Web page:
Then, if you scroll your mouse out of the pop-up browser, the Browster browser closes -- leaving you back on the Google search results page. Google likes this because it doesn't make you leave Google. In fact, with your Browster browser open, you can continue searching through the Google results by clicking a navigation button to take you to the next page in the results.
Browster will try to make money by taking a cut of the revenue from advertising within certain areas of the pop-up browser. For example, if someone performs a Yahoo search from a special toolbar within the browser, Yahoo will give Browster a cut from the resulting advertising revenue.
For our Merc story, linked to above, we corresponded with Josh Kopelman, of First Round Capital, one of the more active investors in Web 2.0. He's made several investments into companies with a MySpace angle: Browster, RockYou and Snapvine. Another private investor in Browster, John Zeisler, has supported and encouraged Browster's bet on MySpace: "We said, 'Let's apply it to MySpace,'" he told us. "Let's see if that'll be a catalyst for further widespread adoption." Zeisler, who also works part time with WaldenVC, a San Francisco venture firm, added: "There are many more MySpace opportunities out there."
--Pete Cashmore had an early post about the MySpace ecosystem.
--MySpace spokeswoman did say during our brief phone conversation that this BW article from a few weeks ago carries the only statement so far by MySpace about its support of the ecosystem. It reads as if it was lawyered.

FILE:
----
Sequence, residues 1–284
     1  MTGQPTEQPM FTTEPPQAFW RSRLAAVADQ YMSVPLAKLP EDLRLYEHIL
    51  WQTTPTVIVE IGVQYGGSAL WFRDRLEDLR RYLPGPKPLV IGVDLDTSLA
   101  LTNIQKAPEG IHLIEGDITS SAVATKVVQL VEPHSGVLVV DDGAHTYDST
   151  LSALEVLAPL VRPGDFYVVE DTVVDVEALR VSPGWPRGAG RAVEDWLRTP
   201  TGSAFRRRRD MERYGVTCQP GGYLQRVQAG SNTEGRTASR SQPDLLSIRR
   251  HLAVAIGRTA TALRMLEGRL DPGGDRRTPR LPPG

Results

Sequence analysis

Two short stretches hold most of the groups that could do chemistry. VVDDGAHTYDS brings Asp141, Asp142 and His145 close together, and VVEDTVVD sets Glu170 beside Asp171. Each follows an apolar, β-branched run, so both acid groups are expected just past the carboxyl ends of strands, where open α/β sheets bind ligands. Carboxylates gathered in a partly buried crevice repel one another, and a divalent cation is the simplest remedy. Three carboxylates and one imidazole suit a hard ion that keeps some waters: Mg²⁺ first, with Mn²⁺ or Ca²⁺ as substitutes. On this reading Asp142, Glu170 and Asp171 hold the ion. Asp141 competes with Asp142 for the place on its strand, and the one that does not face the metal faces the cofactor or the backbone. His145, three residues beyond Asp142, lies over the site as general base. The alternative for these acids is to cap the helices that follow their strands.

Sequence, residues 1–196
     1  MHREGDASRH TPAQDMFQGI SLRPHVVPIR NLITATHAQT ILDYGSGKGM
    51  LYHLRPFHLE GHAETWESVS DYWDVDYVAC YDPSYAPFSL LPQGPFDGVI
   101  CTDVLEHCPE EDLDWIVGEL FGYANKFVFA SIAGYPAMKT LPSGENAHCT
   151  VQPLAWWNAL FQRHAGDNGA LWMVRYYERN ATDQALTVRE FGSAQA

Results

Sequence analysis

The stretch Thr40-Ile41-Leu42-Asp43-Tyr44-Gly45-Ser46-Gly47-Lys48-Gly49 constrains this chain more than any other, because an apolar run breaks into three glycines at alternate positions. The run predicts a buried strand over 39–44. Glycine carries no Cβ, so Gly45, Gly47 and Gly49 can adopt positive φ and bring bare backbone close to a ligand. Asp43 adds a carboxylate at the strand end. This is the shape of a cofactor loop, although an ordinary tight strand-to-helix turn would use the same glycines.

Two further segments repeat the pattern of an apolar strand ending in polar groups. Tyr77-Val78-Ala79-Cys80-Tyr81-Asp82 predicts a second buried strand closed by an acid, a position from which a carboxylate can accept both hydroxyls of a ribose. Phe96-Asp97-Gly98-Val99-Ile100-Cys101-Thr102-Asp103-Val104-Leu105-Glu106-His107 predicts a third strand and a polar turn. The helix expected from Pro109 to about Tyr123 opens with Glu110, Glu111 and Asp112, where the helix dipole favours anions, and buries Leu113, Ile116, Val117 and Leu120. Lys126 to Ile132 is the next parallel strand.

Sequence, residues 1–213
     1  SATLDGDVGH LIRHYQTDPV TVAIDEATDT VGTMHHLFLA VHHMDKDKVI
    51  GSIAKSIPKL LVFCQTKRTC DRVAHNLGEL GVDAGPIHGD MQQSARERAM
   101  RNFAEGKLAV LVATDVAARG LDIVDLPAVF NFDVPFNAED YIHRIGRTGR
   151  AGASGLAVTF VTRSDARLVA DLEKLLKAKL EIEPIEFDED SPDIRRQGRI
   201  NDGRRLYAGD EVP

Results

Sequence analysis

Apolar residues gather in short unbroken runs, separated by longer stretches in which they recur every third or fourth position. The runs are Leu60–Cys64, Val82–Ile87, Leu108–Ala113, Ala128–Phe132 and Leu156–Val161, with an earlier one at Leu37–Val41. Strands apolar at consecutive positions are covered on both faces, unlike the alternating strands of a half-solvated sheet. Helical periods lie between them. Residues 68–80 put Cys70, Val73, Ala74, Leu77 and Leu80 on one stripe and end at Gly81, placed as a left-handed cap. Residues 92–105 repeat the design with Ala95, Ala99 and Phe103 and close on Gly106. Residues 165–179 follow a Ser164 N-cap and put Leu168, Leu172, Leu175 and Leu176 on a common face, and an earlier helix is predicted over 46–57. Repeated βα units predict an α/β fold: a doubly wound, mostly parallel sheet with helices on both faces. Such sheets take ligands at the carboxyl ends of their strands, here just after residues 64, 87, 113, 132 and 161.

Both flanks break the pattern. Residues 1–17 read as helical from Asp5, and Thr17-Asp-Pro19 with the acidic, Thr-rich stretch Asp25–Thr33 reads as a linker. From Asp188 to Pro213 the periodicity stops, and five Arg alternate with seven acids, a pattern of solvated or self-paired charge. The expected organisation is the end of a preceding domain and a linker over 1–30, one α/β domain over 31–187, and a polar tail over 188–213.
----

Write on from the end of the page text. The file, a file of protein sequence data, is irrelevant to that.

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From: Menlo Creek Musings
Will MySpace Eat Its Young?
This post is labelled Work. For the 4 of the 5 readers of this blog who hate work-related posts, I'm sorry...bear with me! Take deep diaphramatic breaths and it will be over in a second or go read Sandhill Slave
August 13, 2006 3:59 PM
Clearstone's David Stern: "Will MySpace eat Its young?"
David Stern is a venture partner at Clearstone Venture Partners. We asked him to contribute a "guest post" on the MySpace ecosystem, given his background as founder of M Networks, which operated within that other great ecosystem: eBay's. His firm is i...
August 14, 2006 11:59 AM
CoolIris is another tool that allows previews of links and images when the user hovers over the link:
I've been using it for several months now, and find it very useful as I read most blogs and web sites via RSS in my browser (Safari 2.x). CoolIris aslo works with FireFox and Internet Browser.
In addition, tools like CoolIris can offer additional advantages to the visually impaired (currently it does a nice job of clarification/magnification) . I look forward to integration with screen readers. Of course, that pre-supposes that the source web sites are constructed in accordance with WCAG or other accessibility guidelines.
Correction: In the post above, the sentence should read "CoolIris also works with FireFox and Internet Explorer".
Sceptical, I don't see browster being more than a feature. There are free plugins that do similar (though you can argue differences):